The user interface seemed a little clunky, especially when you had to manipulate potentiometers and switches. Also, remember you can’t right-click on the controls but must click on the underlying component. In other words, the pot looks like a knob on top of a resistor. Right clicks need to go on the resistor part, not the knob. I also was a little put off that you can’t enter multiplier suffixes directly in component values. That is, you can’t enter a resistor value as 1K. You can enter 1000 or you can enter 1 and then change the units in a separate field to Kohms. But that’s not a big deal. You can get used to all of that if it would quit crashing.

I really wanted the debugging feature to work. While you can debug directly with simuavr or other tools, you can’t easily simulate all your I/O devices like you can with this tool. I’m hoping that becomes more robust in the future. Under Linux it would work for a bit and crash. On Windows, I never got it to work.

As I always say, though, simulation is great, but the real world often leads to surprises that don’t show up in simulation. Still, a simulation can help you clear up a host of problems before you commit to heating up the soldering iron or pulling out the breadboard. Simuide has the potential to be a great tool for simulating the kind of designs we see most on Hackaday.

If you want to explore other simulation options, we’ve talked a lot about LTSpice, including our Circuit VR series. There’s also the excellent browser-based Falstad simulator.

We always think it is interesting that a regular DC motor and a generator are about the same thing. Sure, each is optimized for its purpose, but inefficiencies aside, you can use electricity to rotate a shaft or use a rotating shaft to generate electricity. [Andriyf1] has a slightly different trick. He shows how to use a stepper motor as an encoder. You can see a video of the setup below.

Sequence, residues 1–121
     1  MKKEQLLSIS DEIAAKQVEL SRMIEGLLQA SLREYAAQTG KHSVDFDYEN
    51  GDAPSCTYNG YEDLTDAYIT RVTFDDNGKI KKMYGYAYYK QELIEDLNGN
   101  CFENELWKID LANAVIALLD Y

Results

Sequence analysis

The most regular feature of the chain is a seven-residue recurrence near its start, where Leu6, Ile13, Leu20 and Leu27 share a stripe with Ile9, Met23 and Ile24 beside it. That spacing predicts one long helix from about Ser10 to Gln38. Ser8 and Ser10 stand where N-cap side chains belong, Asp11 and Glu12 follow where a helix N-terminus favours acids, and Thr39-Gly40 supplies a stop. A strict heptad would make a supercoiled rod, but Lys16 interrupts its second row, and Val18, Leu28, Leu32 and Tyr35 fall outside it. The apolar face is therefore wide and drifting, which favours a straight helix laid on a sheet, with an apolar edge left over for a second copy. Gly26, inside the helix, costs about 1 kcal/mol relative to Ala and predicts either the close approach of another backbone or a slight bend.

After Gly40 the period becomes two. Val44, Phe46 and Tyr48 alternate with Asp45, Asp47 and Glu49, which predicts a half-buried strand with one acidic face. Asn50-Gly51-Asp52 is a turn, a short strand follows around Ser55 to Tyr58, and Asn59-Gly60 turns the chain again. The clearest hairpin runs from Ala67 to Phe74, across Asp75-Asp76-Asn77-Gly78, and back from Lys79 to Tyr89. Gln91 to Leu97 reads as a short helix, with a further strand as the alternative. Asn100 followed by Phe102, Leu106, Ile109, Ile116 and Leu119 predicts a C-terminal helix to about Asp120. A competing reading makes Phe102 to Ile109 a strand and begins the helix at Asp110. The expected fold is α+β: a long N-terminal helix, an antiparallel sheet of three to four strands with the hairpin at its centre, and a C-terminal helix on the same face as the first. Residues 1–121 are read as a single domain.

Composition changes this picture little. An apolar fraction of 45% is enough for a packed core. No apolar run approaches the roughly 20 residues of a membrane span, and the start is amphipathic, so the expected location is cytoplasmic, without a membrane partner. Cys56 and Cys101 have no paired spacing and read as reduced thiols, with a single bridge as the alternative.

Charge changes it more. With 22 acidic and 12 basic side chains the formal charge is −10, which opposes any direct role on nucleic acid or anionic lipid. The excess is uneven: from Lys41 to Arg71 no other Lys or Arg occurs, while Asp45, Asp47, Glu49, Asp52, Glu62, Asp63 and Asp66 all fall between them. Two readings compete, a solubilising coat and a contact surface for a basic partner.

It makes sense. If the coils in the stepper can move the shaft, then moving the shaft should induce a current in the coils. He does note that at slow speeds you can miss pulses, however. Again, the device isn’t really optimized for this type of operation.

The circuit uses an opamp-based differential amplifier to read the pulses from the coil. Two opamps on two coils produce a quadrature signal just like a normal encoder. When the shaft turns in one direction, one pulse will lead the other. In the other direction, the lead pulse will be reversed.

There’s code to let an Arduino read the pulses, but we were disappointed it was behind a Patreon paywall. However, there’s plenty of code that will read quadrature on an Arduino or other processors, and that really isn’t the point of the post, anyway. We’ve seen similar hacks done with hard drive motors which are quite similar, by the way.

Once upon a time, there was a music venue/artist collective/effects pedal company that helped redefine industry in Williamsburg, Brooklyn. That place was called Death By Audio. In 2014, it suffered a death by gentrification when Vice Media bought the building that DBA had worked so hard to transform. From the ashes rose the Death By Audio Arcade, which showcases DIY pinball cabinets made by indie artists.

Their most recent creation is called A Place To Bury Strangers (APTBS). It’s built on a 1959 Gottlieb Mademoiselle table and themed around a local noise/shoegaze band of the same name that was deeply connected to Death By Audio. According to [Mark Kleeb], this table is an homage to APTBS’s whiz-bang pinball-like performance style of total sensory overload. Hardly a sense is spared when playing this table, which features strobe lights, black lights, video and audio clips of APTBS, and a fog machine. Yeah.